Yogendra Yadav (Literature, Language and Translation)
Hindi and Urdu language and literature, the Indian cultural tradition in Fiji.
School of Regulation, Justice & Diplomacy
Bina D'Costa (Centre for International Governance & Justice, RegNet)
Peacebuilding, justice and reconciliation processes; human security and borders; gender and conflict; children and war; and the role of NGOS in social movements.
Alexander (Sandy) Gordon (Centre of Excellence in Policing and Security, RegNet)
Security studies, intelligence, criminal and terrorist groups, transnational crime, policing and Australia–India relationship. Co-founder of the blog South Asia Masala.
William Maley (Asia-Pacific College of Diplomacy)
Afghanistan, security, warfare, post-conflict reconstruction, refugees.
School of International, Political & Strategic Studies
Nicholas Farrelly (Department of Political and Social Change)
Thai and Burmese politics; social and cultural issues in mainland Southeast Asia; conflict and development in northeast India. With Andrew Walker he is the co-founder of the blog New Mandala .
Kate Sullivan (Department of International Relations)
India's status and identity in international society; Indian political thought and philosophy, Indian conceptualisations of the International, critical theory, and the Hindi language and its literature. Co-founder of the blog South Asia Masala.
Non-CollegeAmin Saikal (Centre for Arab and Islamic Studies)
Politics, history, political economy and international relations of the Middle East and Central Asia.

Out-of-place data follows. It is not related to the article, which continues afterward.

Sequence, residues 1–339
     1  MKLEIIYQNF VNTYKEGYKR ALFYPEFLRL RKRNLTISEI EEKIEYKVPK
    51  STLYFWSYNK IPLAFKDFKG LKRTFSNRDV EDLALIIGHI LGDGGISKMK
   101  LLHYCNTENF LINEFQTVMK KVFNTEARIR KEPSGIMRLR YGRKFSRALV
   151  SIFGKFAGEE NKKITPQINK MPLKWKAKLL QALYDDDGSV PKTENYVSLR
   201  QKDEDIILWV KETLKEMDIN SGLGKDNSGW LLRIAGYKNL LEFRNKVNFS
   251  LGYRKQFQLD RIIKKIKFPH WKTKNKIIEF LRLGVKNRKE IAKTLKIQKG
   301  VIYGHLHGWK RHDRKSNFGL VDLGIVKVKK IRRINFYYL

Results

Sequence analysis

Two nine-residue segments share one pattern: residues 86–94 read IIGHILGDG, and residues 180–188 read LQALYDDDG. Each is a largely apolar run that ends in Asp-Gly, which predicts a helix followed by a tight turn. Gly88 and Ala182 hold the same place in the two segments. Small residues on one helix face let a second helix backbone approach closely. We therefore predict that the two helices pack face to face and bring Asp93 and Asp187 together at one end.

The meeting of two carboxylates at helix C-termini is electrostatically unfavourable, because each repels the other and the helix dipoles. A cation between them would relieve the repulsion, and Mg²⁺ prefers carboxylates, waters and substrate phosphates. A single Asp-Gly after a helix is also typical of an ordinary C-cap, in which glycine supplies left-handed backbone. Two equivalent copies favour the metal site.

Debjani Ganguly (Humanities Research Centre)
Postcolonial literary and historical studies and comparative/world literatures in the era of globalization; language politics in postcolonial India, dalit life stories, South Asian diasporic fiction, cultural histories of mixed race, and the globalization of Bollywood, the popular cinema from Bombay/Mumbai as creative industry.
Shakira Hussein (School of Sociology, Research School of Social Sciences)
Gender, Islam and Muslims in Australia.
Patrick Kilby (School of Archaeology and Anthropology, Research School of Humanities and the Arts)
Non-Governmental Organisations; empowerment and marginalisation; gender; managing development activities; south Asia, particularly India.
The Library's collection reflects the long association of ANU with South Asian studies, with significant holdings of Indian history, politics, society, philosophy, religion, and Indian government publications; as well as Sanskrit, Hindi and Tibetan literature. There are smaller holdings of other South Asian languages, including Urdu, Bengali, Tamil and Marathi.
ASARC Publications List [PDF, 60kB] (updated periodically)